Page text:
IPA Spring Release 2016

What’s New in the IPA Spring Release (March 2016)

Quickly compare results across ‘omics datasets on networks and pathways

Identify significant trends in genes involved in a pathway or network across conditions such as time or dose and elucidate possible mechanisms driving gene expression results with both variant gain or loss of function and expression results. Visualize multiple ‘omics datasets simultaneously on IPA networks and pathways.

  • Overlay multiple gene expression datasets/analyses on a canonical pathway (or on any collection of genes) simultaneously to see how genes are regulated across various conditions. Visualize multiple measurements at once—for example both Fold Change and the Intensity of the expression (e.g. RPKM in the case of RNA-seq data) as shown in Figure 1.
Three RNA-seq time points taken during in vitro mouse cardiomyocyte development overlaid on the Integrin Signaling Pathway

Fig 1. Three RNA-seq time points taken during in vitro mouse cardiomyocyte development overlaid on the Integrin Signaling Pathway (zoomed in). As the cells differentiate from embryonic stem cells into beating cardiomyocytes in vitro, a number of genes on this pathway are progressively upregulated. Several genes in the myosin subunit regulatory light chain family are upregulated over the time course. The new bar charts can show multiple measurements and datasets at one time to give you more insight into the details of the differential expression. In this example both the RNA-seq fold change and the intensity (RPKM) across the three analyses are shown. From this visualization, one can deduce that Myl7 becomes much more highly expressed than Myl2 (RPKM ~3800 vs ~115), even though Myl7 has a lower fold change than Myl2 (~955 vs. ~19,149). The fold changes alone don’t reveal this level of detail across the time points.

IPA also presents the multi-dataset / multi-measurement results in a table view that can be exported. Figure 2 shows an example of a portion of that table:

Clearly identify trends across genes, conditions, and datasets with the exportable table view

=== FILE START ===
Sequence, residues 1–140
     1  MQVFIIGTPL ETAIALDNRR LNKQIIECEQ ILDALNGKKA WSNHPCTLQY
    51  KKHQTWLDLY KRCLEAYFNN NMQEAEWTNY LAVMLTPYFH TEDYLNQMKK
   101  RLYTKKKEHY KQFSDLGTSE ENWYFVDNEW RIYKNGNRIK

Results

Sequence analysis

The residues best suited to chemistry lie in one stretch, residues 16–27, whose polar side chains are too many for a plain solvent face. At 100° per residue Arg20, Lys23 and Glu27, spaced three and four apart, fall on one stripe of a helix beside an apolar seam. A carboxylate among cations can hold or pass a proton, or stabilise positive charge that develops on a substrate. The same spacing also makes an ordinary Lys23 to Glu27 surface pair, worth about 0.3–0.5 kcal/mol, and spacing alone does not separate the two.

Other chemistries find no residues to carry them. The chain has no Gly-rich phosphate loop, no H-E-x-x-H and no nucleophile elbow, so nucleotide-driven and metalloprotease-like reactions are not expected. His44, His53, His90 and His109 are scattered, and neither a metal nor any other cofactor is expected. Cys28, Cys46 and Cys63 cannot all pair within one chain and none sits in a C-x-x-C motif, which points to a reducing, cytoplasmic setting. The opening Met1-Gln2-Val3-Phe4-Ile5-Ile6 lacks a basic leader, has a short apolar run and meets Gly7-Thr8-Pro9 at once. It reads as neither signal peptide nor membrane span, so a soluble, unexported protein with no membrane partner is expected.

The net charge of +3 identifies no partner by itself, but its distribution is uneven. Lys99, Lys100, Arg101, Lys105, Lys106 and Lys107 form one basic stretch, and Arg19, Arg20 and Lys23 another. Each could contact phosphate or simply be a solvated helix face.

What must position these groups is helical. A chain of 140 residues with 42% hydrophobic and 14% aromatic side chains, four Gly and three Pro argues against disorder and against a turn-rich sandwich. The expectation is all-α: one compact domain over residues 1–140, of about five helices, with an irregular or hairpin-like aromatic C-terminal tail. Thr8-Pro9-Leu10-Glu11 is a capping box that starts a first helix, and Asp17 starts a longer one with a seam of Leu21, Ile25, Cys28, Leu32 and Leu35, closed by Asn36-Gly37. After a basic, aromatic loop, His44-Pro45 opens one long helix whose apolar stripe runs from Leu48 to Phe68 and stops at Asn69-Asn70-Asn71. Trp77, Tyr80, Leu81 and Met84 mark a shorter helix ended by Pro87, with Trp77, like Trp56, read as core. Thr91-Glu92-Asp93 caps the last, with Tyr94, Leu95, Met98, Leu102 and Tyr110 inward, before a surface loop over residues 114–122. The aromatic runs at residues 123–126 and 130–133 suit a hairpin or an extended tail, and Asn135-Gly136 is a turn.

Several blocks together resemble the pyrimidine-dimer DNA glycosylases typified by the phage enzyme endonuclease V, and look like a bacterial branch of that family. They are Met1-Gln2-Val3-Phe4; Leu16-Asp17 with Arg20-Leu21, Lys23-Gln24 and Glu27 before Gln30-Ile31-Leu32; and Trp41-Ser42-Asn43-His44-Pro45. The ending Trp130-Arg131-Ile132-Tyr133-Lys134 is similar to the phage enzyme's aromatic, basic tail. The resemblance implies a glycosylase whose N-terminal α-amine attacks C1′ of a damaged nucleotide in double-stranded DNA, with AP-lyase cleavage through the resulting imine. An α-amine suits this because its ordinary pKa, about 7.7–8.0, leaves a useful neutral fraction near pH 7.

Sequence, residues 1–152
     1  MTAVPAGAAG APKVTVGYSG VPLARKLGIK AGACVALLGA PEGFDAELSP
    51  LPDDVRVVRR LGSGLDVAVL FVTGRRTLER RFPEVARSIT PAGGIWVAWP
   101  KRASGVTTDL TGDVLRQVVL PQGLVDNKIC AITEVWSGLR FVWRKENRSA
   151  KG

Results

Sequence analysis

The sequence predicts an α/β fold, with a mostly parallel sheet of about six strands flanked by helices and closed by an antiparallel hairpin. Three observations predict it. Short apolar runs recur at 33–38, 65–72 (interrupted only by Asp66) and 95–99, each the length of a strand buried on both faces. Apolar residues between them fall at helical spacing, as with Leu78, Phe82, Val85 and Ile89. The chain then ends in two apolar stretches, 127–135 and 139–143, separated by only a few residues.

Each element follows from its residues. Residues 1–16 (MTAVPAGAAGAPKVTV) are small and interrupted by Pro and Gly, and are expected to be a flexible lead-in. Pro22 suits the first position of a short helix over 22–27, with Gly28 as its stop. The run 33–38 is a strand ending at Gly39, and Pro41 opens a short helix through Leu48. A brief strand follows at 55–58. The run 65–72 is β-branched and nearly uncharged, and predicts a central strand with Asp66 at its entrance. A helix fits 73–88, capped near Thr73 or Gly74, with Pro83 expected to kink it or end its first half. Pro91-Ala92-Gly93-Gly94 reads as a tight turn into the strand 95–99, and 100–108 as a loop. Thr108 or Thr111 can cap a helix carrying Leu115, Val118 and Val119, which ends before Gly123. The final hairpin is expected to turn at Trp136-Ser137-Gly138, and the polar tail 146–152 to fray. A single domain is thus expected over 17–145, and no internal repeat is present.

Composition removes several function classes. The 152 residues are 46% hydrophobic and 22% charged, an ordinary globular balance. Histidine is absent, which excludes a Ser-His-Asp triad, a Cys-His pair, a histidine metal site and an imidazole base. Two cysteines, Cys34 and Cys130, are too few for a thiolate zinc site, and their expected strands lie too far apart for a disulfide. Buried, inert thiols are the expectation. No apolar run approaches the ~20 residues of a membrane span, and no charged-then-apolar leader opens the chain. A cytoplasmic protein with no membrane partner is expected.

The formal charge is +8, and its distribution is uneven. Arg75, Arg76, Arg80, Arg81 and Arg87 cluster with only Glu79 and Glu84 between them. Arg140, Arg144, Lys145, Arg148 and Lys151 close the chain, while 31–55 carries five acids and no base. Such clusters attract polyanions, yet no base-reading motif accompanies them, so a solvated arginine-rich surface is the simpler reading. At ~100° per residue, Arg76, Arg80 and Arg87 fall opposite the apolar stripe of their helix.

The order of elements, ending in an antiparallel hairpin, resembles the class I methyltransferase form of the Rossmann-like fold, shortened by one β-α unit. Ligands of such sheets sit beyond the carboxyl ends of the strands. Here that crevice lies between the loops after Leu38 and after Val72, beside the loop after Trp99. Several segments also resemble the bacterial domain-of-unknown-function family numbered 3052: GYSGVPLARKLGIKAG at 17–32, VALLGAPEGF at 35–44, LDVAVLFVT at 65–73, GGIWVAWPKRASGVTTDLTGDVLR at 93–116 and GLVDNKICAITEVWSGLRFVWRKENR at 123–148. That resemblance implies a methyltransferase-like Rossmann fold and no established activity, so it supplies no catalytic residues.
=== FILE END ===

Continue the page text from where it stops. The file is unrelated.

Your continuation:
Fig 2. Clearly identify trends across genes, conditions, and datasets with the exportable table view. The same genes shown in Figure 1 above are shown here in the new table view within the Overlay Datasets, Analyses & Lists tool, though in this table a line is drawn to connect the bars when possible to help visualize patterns.

  • Elucidate possible mechanisms driving gene expression results by simultaneously overlaying both gene expression analysis and variant loss/gain datasets on a pathway or network. In this way you can see which genes are differentially expressed and harbor potentially deleterious variants.
Uncover possible mechanisms driving gene expression results.

Fig 3. Uncover possible mechanisms driving gene expression results. RNA-seq gene expression data from three hepatocellular carcinoma (HCC) patients was used to predict that the NONO protein is inhibited. Expression from the three patients was processed in Biomedical Genomics Workbench (BxWB) and then analyzed in IPA, which led to the prediction of NONO inhibition using Causal Network Analysis. Variants were also called on the transcript sequences from these patients using BxWB and analyzed using Ingenuity Variant Analysis. All three patients were found to have potentially deleterious frameshift and missense variants in the NONO gene. Data from both BxWB and Variant Analysis were exported directly to IPA. The three green bars in Figure 3 correspond to predicted loss of function variants for each of the patients, and the red bar indicates that the expression was upregulated in the patients, perhaps as a compensatory mechanism for loss of function. NONO has been found to be mutated in a number of cancer types.